Homeless Man Dies on Pontiac Porch…

Homeless Man Dies on Pontiac Porch, Former Shelter Organizer Wants ActionCFSEM-123-OaklandCounty115-digital-ad_v2

(C. Proxmire, Jan. 2, 2014)

A homeless man was found dead on a porch in Pontiac on New Year’s Day, and a fellow man that used to give him shelter is now beside himself, saying “he didn’t have to die this way.”

58-year-old Mickie “Red” Roquemore was known in the homeless community of Pontiac. He’d been surviving on the streets and staying at shelters for 8-10 years, and was also known to be an alcoholic. Sometimes he slept on a porch in the 800 block of St. Clair Street, near Baldwin and Montcalm. He was found dead there just before 9am on New Year’s Day.

The Oakland County Sheriff’s Department is waiting on a toxicology report before determining waterworkthe cause of death, but a statement from the department says there is “no obvious sign of trauma.” Temperatures that night were down to 15 degrees.

Dave Coleman is a 64-year-old GM retiree who runs a rental hall called Center Stage. He’s also used the hall as an informal warming center and shelter for over 17 years, until May of 2014 when the City presented him with tickets, fines and a cease and desist order.

“HOPE is the only low-barrier shelter [left] in the city,” Coleman said. “They have a limit of 62 people and they won’t exceed that due to fire codes. So they turn away 20-40 people a night during the winter. At Center Stage we used to be able to take up to 40. But now I can’t take anyone in. And Red didn’t have anywhere to go.seed010115Kate_Baker_Jan

“Although he had his shortcomings, he did not deserve to die in the cold. His death should compel us to do something. His life should be a testimonial. To the guys out there drinking, they should say ‘let me stop being an alcoholic. Let me get my life in order and stop doing what I’m doing.’ And the message to the authorities is to build a center. Everybody just wants to sweep this under the rug. But we need to take care of this.”

Coleman sees helping the homeless as a religious calling, referencing the Bible. “God made man in his image. And he should be given the same dignity and respect. Whoever reproaches the poor, ferncareADreproaches his maker.”

He knows that Center Stage was not ideal, but at least it was something. “We didn’t have a kitchen or all the proper facilities and that, but it was a warm place to go and sleep and not freeze,” he said. “I’m not advocating to open back up, but they do need to do something. And right now it feels like people are doing nothing.”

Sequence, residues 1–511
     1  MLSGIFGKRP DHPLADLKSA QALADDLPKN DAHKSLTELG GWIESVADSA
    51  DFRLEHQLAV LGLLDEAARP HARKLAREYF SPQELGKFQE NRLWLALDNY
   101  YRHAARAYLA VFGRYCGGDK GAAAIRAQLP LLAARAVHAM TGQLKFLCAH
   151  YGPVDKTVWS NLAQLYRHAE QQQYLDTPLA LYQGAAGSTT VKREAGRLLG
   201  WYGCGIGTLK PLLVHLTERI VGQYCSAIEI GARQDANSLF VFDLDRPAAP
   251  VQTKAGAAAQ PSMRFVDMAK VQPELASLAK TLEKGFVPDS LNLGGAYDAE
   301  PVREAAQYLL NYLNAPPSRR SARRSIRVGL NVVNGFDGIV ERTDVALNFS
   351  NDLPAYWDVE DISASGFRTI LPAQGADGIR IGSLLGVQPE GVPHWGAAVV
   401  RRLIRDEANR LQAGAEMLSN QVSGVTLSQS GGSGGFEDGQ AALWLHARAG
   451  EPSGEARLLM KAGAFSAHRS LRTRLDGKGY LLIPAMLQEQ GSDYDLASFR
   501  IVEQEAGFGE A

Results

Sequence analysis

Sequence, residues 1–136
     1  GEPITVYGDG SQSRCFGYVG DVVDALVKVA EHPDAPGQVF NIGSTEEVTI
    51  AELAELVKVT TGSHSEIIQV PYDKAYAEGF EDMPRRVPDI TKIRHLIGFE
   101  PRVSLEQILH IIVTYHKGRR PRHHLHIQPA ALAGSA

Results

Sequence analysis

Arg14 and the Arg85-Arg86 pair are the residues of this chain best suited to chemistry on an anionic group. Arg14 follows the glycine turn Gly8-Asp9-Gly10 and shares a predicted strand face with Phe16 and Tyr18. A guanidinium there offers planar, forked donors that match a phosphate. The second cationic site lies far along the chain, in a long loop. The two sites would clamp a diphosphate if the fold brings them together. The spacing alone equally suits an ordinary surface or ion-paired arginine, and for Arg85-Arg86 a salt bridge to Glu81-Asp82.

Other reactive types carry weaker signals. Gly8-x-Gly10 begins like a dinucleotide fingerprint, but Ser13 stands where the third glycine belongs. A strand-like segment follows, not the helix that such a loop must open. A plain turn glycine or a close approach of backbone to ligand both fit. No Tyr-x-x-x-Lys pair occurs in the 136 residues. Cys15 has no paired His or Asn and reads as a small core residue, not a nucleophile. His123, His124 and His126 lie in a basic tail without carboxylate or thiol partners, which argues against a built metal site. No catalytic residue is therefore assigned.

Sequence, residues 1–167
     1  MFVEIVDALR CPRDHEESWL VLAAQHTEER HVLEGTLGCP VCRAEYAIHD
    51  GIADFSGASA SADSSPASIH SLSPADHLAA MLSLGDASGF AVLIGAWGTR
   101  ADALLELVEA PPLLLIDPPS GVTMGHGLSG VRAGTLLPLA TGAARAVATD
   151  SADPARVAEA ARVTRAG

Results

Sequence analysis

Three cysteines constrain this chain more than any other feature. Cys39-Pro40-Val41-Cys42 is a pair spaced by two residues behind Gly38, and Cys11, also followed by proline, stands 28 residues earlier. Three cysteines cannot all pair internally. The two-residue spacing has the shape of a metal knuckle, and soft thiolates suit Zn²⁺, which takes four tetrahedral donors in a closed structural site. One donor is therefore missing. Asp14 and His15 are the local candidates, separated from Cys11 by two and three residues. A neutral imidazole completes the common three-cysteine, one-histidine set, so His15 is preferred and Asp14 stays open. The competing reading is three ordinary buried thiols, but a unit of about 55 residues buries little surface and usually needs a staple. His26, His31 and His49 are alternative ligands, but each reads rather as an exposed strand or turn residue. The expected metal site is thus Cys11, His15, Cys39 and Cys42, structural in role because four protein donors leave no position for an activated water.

Coleman believes that panhandling in the areas around Center Stage may have led to the City cracking down on his guests. “They’d go across the street to the Marathon Station and panhandle. I’d tell them not to panhandle. I’d threaten them. I’d throw them out for a day, a week, a month. Other people would go and tell them not to do it because they would mess it up for everybody. But some people just wouldn’t listen.”Reid_Sally_115

Regardless of how it came about, he cannot legally give shelter to the homeless any more. And now one of them is dead.

Coleman continues to do what he can. He hosts dinners for adults with special needs, and works with Gleaners and Forgotten Harvest. And he hopes to be part of whatever solution comes for sheltering the poorest citizens.

“We are going to be judged for how we care for the weakest, the blind, the lame, the homeless. seed020_heather_coleman_vossWe all should care. And we all should be trying to come up with a solution besides just tossing people aside,” he said.

Currently HOPE is open and is always seeking donations of money, food, personal items and volunteers. From their website:

“HOPE Hospitality and Warming Center was founded in 1998. The main purpose of HOPE’s shelter programs are to provide a safe haven for homeless adults. HOPE is a low barrier model which means sobriety is not a criteria for entry- only good behavior and adherence to shelter rules. HOPE is the only walk in (self-referral), low barrier, emergency overnight adult shelter in Oakland County.”

More information on HOPE can be found at http://www.hopewarmingpontiac.org/about.

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